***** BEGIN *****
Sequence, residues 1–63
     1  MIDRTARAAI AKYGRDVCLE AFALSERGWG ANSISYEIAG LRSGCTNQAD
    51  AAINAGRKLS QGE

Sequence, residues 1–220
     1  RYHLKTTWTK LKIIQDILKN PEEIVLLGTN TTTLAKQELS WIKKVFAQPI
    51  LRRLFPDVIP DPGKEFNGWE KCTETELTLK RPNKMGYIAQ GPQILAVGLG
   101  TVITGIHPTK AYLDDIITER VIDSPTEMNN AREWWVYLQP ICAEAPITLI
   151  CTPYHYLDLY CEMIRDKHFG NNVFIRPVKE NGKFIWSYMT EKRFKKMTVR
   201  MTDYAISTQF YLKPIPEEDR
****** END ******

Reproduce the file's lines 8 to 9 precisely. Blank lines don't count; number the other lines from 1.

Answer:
   151  CTPYHYLDLY CEMIRDKHFG NNVFIRPVKE NGKFIWSYMT EKRFKKMTVR
   201  MTDYAISTQF YLKPIPEEDR